Sunday, December 6, 2009

I FEEL BETTER IN THE CALIFORNIA SUNSHINE...

When the plane is landing, and I look down and see palms, highways in a curlicue design, blazing blue and white sky ... tears fill my eyes.

Yes, from the blinding brightness -- yes -- because living in Malibu for awhile was fun.

Yes -- because the balmy air says it's vacation. Nothing else in my life says "you're on a vacation," like Los Angeles, California does. Even if I'm on a no work, rest, relax sojourn, I have a project tucked away -- have papers, books in my shoulder-bag, and a plan in my mind.

Arriving in the Bahamas, or Bermuda, Israel, and Australia, I was buoyed by the warm, perfumed weather -- probably because I'd just left winter in New York. But there wasn't an inner exultation -- the "Vacation" command-- even though I enjoyed the air, as I went to work on what I had in my bag.

I'm boiling down some facts from the Center for Disease Control's research on "Frequent Mental Distress." A large group of highly accredited researchers created this map. They defined frequent mental distress (FMD) as 14 or more bad days out of 30.

Two nationwide surveys asked a total of 2.4 million people about their overall mood -- how many days in the preceding month, had their mental health been NOT good.

The 1993-to-2001 study showed 9% of Americans had FMD. A few years later, another shorter study showed 10.2%.

The gloomiest state was Kentucky, followed by West Virginia, and Mississippi. Hawaii topped the happy list, then Kansas, and Nebraska.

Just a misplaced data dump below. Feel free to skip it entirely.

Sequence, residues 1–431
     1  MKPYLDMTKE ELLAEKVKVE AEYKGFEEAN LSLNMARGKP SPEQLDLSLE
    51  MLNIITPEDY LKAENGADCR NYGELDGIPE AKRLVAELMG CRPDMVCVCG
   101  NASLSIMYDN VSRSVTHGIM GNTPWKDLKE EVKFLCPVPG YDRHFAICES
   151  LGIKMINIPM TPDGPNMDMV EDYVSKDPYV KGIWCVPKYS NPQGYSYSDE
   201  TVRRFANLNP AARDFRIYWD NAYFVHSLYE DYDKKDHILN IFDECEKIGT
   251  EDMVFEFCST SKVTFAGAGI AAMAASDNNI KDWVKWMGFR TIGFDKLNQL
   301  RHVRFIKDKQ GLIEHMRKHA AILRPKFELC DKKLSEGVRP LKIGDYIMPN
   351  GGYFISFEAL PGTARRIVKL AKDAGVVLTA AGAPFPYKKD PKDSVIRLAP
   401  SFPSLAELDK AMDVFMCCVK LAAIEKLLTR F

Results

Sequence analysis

In the other 44 states and the District of Columbia — the number of people with FMD increased, as the economy sagged.

I love what a Time reporter who was surveying all this, said: "Never mind the Dow or the S&P -- the true national indicator may be the FMD."

Here's Em's survey-report:

'It isn't the sunshine. What makes California a "vacation" is the people, their slower-going style for work or play -- the smile on the faces, the smile in the voices of people who serve you food, gas, carry your groceries into your home, call you or answer your phone calls, fix your car, handle your cleaning, rake your yard, deliver your mail, remove your garbage.

California people -- gee, they have fearful predictions pending -- the big one -- that fault line earthquake -- their crazy fluctuating bills for electricity and water, the huge unemployment crisis, and no money to pay for government services as of January 1, 2010, says Governor Arnold.

So why do I feel like vacationing in California, with all that hanging over California folks?

The dizzying dazzle, the make-it, fame and fortune, beautify yourself baloney that emanates from Hollywood -- that relaxes me?

Well, it's part of the rainbow look of L.A. when the plane touches down -- the people I deal with -- the way they need, want, crave those expensive cars, pursue the "look beautiful forever" routines, and decorate their gated mansions -- all that triggers my Zen mode.

In California, like the other Californians -- I'm living the moment at the moment.

Can't I package it and bring it east where I live? I don't think so.

No matter where I look, there are worn-out, aging things to fix, mend, repair, rush-rush -- no languorous afternoons, no golden dawns, and incredible sunsets, just peeps at shafts of sun that disappear in the general haze of what life feels like, what it actually is on my streets.

Anyhow, New Yorkers are great, there for you in a crisis but generally focused on their own "thing."

Like I am.

I guess that's why I sort of flip-flop, float and flit around spinelessly in all that blue white and green and golden --- I don't belong there.

Gee ... well ... after Xmas, maybe I'll visit my friend Holly in Malibu, just for a day ....

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